Sociology Professor Cautions Against Making False Distinctions Between Incarcerated Youth and Adults

With the U.S. incarcerated population projected to grow by three percent in the next three years, criminal justice reforms must go beyond granting leniency to young offenders and “extend mercy to all individuals who have transgressed the law,” says Alexandra Cox in a Jan. 14 article published in the online Juvenile Justice Information Exchange.

Alexandra Cox

Alexandra Cox

In “The Perils of False Distinctions Between Juveniles and Adults in Prison,” Cox, an associate professor of sociology, advocates for criminal justice reforms that address the “politically unpalatable” issue of sentencing for violent offenders.

Cox cites a recent National Academy of Sciences report that concludes that “lengthy prison sentences are ineffective as a crime control measure,” and argues that reducing sentencing for violent offenders is the only way to reduce mass incarceration and achieve social justice.

As liberal reformers and the public media advocate for the need to keep youth and nonviolent offenders out of the criminal justice system, they have created a false distinction in the public’s mind between the “dangerous and the ‘rest’”, notes Cox.

“While many support the idea of prison reform due to their exposure to the growing national media on the subject their sense of punitiveness remains unflappable,” Cox writes. “Students consistently draw distinctions between individuals accused of drug offenses and those they see to be deserving of prison time, and they express outrage when they learn about countries where life sentences stop at 10 and sometimes 20 years.”

Cox argues that violent offenders should be granted “a chance to live their lives, and perhaps even become college students, so that they and others can help us build knowledge about why and how violent crime begins and ends.”

At New Paltz, Cox teaches Crime and Society, Criminological Theory, Juvenile Delinquency, and Race Crime and Punishment.  This semester, she co-teaches an “Inside Out” course with Karanja Carroll, an associate professor of black studies, at a local juvenile facility with New Paltz students and students inside.  Cox’s research is about young people’s experiences of being governed in the juvenile justice system.

Cox also published (with Jane Spinak) an article advocating for independent oversight of New York’s juvenile justice system on the website on Jan. 26.

Department of Black Studies Hosts Spring Lecture Series

The Department of Black Studies will host a Spring Lecture Series, with talks presented by Assistant Professor Zelbert Moore. All lectures will be held on Mondays in Lecture Center room 104 from 6:30 – 7:30 p.m.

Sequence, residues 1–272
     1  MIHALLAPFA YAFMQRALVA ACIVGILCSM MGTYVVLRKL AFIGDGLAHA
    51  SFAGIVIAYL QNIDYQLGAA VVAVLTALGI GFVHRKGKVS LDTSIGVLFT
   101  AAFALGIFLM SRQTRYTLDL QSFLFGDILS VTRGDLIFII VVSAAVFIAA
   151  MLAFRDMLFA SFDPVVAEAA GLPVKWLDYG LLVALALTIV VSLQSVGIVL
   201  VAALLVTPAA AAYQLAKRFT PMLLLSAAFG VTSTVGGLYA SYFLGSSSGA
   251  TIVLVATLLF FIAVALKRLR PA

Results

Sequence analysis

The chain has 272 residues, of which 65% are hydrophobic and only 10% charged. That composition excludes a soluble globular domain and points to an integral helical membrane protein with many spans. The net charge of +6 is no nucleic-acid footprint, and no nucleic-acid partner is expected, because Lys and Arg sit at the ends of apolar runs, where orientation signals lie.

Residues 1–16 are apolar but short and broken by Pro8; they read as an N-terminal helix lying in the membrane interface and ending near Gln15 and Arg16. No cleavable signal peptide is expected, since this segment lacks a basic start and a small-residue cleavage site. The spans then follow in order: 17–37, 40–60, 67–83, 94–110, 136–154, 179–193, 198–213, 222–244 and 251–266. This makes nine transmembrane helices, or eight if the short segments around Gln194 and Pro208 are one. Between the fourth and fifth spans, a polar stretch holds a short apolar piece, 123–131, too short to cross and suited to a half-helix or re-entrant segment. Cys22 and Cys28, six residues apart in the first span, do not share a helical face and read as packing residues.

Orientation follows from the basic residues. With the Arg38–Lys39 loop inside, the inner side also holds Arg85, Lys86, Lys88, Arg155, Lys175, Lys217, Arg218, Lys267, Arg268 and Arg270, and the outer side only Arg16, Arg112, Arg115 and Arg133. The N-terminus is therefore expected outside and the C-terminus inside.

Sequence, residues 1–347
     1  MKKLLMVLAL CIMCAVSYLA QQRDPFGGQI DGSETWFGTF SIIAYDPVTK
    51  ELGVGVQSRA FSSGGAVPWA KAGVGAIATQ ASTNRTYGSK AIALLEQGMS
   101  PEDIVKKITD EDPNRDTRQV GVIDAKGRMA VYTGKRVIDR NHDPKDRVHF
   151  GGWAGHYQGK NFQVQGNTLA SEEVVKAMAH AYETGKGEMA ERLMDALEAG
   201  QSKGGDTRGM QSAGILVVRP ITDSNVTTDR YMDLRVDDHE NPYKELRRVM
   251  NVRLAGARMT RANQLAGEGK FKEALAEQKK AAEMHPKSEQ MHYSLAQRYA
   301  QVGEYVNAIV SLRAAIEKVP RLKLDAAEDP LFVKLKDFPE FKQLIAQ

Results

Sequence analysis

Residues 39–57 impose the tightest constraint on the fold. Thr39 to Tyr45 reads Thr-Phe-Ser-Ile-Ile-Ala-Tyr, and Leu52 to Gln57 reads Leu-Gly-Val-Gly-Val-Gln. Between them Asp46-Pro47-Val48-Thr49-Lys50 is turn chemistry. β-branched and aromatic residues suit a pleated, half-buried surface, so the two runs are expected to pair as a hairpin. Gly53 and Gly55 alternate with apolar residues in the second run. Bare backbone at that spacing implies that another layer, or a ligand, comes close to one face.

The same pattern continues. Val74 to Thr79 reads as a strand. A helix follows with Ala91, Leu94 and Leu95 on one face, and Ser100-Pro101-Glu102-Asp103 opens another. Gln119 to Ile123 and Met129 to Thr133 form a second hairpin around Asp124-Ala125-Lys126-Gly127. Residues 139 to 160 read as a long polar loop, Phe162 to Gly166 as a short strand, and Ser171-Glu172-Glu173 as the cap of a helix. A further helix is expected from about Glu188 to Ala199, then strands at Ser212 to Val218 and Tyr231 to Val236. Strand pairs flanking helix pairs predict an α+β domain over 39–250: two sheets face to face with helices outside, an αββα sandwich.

Dr. Martin Luther King, Jr.

Moore will deliver the first lecture, “Dr. Martin Luther King, Jr.: Where is the Dream?” on Jan. 26.

The complete schedule is as follows:

Feb. 16
Integration in America: Real or Imagined?

March 9
Dr. Henry Kissinger: Secretary of State or Secretary of Terror?

March 30
Brazil in the World

April 13
Soldiers and Doctors: Cuba Around the World

The lectures are free and open to the public.

For more information, contact the Black Studies Department at 845-257-2760.

Presentation on Ethiopia Study Abroad Opportunity to be Held Jan. 29.


Students will learn about an opportunity to work with Ethiopia’s deaf population during a presentation on Thursday, Jan. 29 at 5 p.m. in Lecture Center room 108.

Communication Disorders lecturer Rebecca Swenson participated in the Visions Deaf Education and Empowerment in Ethiopia service learning trip last summer and will speak about her experiences. A representative from the Study Abroad office will be present to provide information and answer questions.

Students can earn three credits for the study abroad course in Ethiopia, held June 15-27. The course is offered by the SUNY New Paltz Center for International Programs, in partnership with Visions Global Empowerment.

The Evolution and Art Interface: New Paltz Celebrates 10th Anniversary of Darwin Day

Humans around the world create visual art, music and dance. None of these activities are particularly helpful at facilitating survival. How did these features come to so strongly embed into our species? Why are humans “artistic apes?”

The New Paltz’s Evolutionary Studies (EvoS) program will explore these questions during its 10th Annual Celebration of Darwin Day – a day dedicated to celebrating the advances in our understanding of life that have followed from Charles Darwin’s work.